The following exercise and variations challenge students to identify their emotional responses to the story and consider how the characters felt compared to how they felt as audience-members at different points in the story.
- Work with students to identify the main events of the story of The Wizard of Oz. List these on the board either in an arc like a rainbow, or in a story structure configuration that students are familiar with.
- For each main event, ask students to report the emotions they experienced witnessing that event onstage – did they feel amused, scared, pleased, concerned, vindicated, confused, surprised? Write these words near the event on the board. Consider asking students to show the emotion that they felt using their facial expression or body language.
- For each main event, ask a small group of students to create a tableaux, or frozen picture created with their bodies, that shows that main event. Students in the tableaux should focus on how their body language and facial expressions could communicate the emotions of the characters during that event in the story. Ask students in the audience to identify first what emotions they experienced when witnessing that event onstage, and then to identify the emotions that the characters in the scene would feel during that event. Are there times when our emotions as audience members and the characters’ emotions are the same? Are there times when they are different?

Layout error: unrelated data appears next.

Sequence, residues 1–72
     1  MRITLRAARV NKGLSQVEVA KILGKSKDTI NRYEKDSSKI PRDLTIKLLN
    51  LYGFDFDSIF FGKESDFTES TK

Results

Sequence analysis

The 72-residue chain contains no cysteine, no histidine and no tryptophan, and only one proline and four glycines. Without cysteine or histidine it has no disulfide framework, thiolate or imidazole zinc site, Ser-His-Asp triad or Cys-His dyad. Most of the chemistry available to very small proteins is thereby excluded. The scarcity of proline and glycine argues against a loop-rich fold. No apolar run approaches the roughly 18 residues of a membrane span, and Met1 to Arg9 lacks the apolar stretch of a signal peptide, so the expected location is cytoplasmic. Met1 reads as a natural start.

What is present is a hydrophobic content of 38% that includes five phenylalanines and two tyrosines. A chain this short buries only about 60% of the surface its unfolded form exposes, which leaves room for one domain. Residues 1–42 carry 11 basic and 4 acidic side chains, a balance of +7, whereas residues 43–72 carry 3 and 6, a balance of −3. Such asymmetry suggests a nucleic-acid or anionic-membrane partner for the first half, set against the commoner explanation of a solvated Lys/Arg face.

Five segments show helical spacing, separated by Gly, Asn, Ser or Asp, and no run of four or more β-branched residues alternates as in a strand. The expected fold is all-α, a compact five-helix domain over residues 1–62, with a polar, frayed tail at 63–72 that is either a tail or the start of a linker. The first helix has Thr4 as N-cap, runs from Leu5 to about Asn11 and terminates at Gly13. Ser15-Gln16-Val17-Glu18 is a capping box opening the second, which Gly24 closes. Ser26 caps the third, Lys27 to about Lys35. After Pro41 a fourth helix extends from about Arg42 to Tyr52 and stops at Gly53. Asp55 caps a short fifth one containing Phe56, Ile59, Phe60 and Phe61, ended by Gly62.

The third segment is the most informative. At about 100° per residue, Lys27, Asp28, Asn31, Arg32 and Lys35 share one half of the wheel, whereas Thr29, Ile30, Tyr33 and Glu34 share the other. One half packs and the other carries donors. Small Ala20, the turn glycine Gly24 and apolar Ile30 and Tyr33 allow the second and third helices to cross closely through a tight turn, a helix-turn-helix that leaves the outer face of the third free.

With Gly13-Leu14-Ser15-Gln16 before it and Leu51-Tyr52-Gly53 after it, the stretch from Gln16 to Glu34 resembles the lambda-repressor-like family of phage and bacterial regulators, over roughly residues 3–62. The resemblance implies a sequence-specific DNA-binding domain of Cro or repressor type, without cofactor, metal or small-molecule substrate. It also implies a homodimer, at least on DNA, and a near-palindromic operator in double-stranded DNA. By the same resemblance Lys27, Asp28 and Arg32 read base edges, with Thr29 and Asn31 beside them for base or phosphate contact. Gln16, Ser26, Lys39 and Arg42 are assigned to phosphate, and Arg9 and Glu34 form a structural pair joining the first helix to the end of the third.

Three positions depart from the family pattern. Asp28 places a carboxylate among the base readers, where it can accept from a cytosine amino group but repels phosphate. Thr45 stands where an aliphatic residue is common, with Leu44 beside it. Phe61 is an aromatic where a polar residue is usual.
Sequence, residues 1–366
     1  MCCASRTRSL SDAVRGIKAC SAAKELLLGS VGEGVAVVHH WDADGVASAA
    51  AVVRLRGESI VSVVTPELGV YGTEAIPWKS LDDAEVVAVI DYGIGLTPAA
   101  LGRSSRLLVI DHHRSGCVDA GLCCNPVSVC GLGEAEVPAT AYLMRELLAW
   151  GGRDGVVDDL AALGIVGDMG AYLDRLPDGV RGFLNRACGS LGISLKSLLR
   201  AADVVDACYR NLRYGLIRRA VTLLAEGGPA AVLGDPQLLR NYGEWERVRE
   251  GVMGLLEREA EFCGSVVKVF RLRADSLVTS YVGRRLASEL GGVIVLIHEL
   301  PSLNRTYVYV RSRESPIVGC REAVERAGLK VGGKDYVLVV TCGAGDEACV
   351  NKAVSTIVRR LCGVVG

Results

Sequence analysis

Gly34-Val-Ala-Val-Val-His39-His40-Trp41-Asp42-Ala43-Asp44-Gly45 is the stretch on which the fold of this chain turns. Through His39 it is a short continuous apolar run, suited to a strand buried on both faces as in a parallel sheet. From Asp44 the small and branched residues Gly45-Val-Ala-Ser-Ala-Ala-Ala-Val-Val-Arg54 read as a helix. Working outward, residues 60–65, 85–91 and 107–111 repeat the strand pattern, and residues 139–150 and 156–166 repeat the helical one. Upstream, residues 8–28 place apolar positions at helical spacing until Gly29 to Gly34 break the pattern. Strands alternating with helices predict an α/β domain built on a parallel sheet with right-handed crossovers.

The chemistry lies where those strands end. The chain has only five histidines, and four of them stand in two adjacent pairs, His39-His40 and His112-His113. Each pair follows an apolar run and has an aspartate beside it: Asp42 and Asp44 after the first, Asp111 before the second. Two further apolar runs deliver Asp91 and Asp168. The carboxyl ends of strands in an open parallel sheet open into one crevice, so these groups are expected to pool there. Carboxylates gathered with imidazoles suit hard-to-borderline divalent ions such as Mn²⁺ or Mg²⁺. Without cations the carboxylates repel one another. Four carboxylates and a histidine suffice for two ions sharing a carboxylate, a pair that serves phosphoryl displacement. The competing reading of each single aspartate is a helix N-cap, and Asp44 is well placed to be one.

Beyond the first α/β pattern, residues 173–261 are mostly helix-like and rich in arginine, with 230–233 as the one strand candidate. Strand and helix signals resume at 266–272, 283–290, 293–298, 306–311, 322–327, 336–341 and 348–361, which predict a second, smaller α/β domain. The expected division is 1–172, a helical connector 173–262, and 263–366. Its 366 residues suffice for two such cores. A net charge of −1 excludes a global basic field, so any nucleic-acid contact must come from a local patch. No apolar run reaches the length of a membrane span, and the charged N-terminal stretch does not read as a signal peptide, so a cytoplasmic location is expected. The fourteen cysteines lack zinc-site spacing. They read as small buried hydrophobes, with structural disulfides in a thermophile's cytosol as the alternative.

Conduct the exercise ‘inside-out’ by starting with a list of emotions and asking students to identify moments from the musical where they felt those emotions. Write a ‘rainbow’ of emotions on the board in an arc shape and in different colors, using developmentally-appropriate vocabulary for your students. Ask students to come to the board to write down the moments that made them feel those emotions during the show, near the name of the emotion and in the same color.